Modern society, culture, and the church (as organization) leaves little space for friendship. Our relationships for the most part derive from utility. We maintain just enough relationship, just enough cordiality to get what we want: a task completed, some help, or a commitment to service. Once the task or service is complete, so is the friendship. If we are not intentional, then we will follow that path by default. Unfortunately that is not the path of true friendship, the friendship Christ offers to us, enables through us, and what ultimately the world will recognize as something different.

If we desire a better life, a life that is truly life, a life of following Christ, what are we to do? Rodney Clapp suggests we begin where we are. In our job, in our neighborhood, in our church. He suggests making space for friendship and relationship. To deliberately slow down in favor of a deeper relationship, even if tasks don't get done quite as fast as we would like. Once we are aware of how the world with its task-oriented, get-as-many-things-done-as-fast-as-possible-at-all-costs attitude poisons us, we are in a position to reclaim true friendship and community.

Monday, May 17, 2010

How are We Different?

If we worry about the future like the rest of the world, have no peace like the rest of the world, if we love our friends and hate our enemies like the rest of the world, then how are we different than the rest of the world?

Monday, January 4, 2010

The Meaning of Life

This Christmas I received a book from my son, "The Gulag Archipeligo" by Solzhenitsyn. He thoughtfully selected the book because of my interest in the great Russian writers. You might be familiar with the term "Gulag" and that it refers to Russian prison camps. The book is aptly titled because it is a detailed account of the entire process of spying, betrayal, interrogation, torture, confession, and imprisonment for millions of Russians.

After reading the first three chapters, I was overwhelmed. A neighbor, an acquaintance, or a friend could make the most incidental comment that could cause you to be arrested. For the most benign comment or no cause at all if a quota had to be met, you could be arrested and sentenced to no less than 10 years hard labor. From the October revolution of 1917 through the post-war years, huge swaths of the population were caught up in a system that not only presumed you had to be guilty of something, but preemptively punished you just in case.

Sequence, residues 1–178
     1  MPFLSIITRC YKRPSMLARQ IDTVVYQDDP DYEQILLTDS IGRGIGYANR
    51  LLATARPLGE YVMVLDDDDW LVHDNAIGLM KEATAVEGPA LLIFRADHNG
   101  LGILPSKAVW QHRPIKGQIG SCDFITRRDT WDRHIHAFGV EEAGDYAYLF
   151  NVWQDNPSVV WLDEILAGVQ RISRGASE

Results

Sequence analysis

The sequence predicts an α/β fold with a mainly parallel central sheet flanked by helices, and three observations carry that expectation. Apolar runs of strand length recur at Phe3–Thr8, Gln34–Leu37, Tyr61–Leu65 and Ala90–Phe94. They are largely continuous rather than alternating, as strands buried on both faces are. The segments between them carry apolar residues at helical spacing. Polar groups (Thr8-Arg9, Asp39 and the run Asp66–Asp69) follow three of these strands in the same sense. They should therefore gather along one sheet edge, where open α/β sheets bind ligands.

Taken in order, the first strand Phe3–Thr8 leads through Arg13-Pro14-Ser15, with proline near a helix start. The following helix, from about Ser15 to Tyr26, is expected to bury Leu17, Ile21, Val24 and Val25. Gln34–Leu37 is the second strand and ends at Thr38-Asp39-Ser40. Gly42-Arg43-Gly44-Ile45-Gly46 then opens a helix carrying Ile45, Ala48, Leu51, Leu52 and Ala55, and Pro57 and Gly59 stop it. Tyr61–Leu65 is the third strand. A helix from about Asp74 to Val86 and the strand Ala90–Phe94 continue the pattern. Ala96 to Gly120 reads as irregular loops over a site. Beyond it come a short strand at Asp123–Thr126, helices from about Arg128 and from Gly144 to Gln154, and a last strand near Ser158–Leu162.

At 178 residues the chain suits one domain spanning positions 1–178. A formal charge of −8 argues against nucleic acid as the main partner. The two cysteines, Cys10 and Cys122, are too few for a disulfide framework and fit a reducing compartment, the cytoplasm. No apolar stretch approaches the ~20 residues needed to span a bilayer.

I was astounded at the wholesale destruction of human dignity on such a vast scale. I was so overwhelmed, I had to put the book down for a time. With such pervasive accusation, betrayal, cruelty, fear, and suspicion inflicted on so many people, how could its effects not be felt for generations? Indeed the effects are being felt to the present day. A recent NPR feature titled "Epidemic of Addiction Threatens Russia's Future" describes the widespread alcohol and drug use that plagues Russian society today.

So what can I do? Perhaps not much for Russia. Russia is inaccessible to me both geographically and linguistically. Because of emigration and the internet, people may become accessible to me who otherwise would not be. But I don't have to go to Russia or seek out Russian people. I don't have to look far to find people in pain and people that are addicted. Regardless of where we are in the world, the motivation for addiction is the same: to anesthetize pain and salve lack of purpose.

I cannot arrogantly presume that I know the existential angst that my friends and acquaintances may or may not be feeling. However, I can safely assume that, as much as human beings need food, clothing, and shelter, they need meaning. The fact that I am a Christian does not put me in a superior position; it only means that I have started on a purposeful journey. Viktor Frankl said, "our meaning in life is found as we help others find their meaning in life." That is why the answer is so elusive. We think we can find it by ourselves. It cannot be found on our own, as an individual pursuit, but only as we help others find it!